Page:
LORDSTOWN, Ohio — There’s a glimmer of hope for the downtrodden town of Lordstown and its General Motors plant that once employed thousands of workers.
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According to GM representative Dan Flores, the company has “received inquiries from interested parties related to the Lordstown Complex and the Chevrolet Cruze.”
Flores didn’t say what specific parties have taken interest in the facility, just that GM “would consider any that are truly viable business opportunities.”
Several months ago, Elon Musk appeared to be mulling over the idea of acquiring the complex for Tesla.
The plant ceased production earlier this month when the last Cruze rolled off the line.
PHOTOS: Lordstown's last Chevrolet Cruze
During a visit to the Lima Army Tank Plant on Wednesday, President Trump called for the Lordstown GM plant to be sold so workers could be employed there again. His speech echoed sentiments he tweeted out earlier in the week.
“Because the economy is so good, General Motors must get their Lordstown, Ohio, plant open, maybe in a different form or with a new owner, FAST!” Trump tweeted Saturday.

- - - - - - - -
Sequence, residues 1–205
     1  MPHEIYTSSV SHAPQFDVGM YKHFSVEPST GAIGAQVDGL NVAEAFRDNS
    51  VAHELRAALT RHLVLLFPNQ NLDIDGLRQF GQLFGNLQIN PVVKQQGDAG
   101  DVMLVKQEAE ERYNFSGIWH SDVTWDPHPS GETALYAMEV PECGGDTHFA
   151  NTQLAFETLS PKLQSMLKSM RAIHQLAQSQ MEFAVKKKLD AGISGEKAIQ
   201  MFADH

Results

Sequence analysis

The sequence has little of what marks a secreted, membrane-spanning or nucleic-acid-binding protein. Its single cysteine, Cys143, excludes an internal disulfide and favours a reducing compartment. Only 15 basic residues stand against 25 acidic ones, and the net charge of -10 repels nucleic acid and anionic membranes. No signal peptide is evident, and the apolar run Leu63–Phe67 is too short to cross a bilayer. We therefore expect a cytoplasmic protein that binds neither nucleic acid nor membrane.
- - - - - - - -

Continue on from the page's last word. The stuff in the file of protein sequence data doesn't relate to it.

Trump allies acknowledged that Trump may be limited by what he can accomplish for the Lordstown plant, but they said his vocal advocacy signaled to his supporters in the area that he is fighting on their behalf.
According to the GM representative, the future of the Lordstown plant will be jointly decided by General Motors and the UAW.
“To be clear, under the terms of the UAW-GM National Agreement, the ultimate future of the unallocated plants will be resolved between GM and the UAW. We remain open to talking with all affected stakeholders, but our main focus remains on our employees and offering them jobs in our plants where we have growth opportunities. We have now placed over 1,000 employees from our unallocated plants to other GM locations, and we have opportunities available for virtually all impacted employees,” GM's Flores said.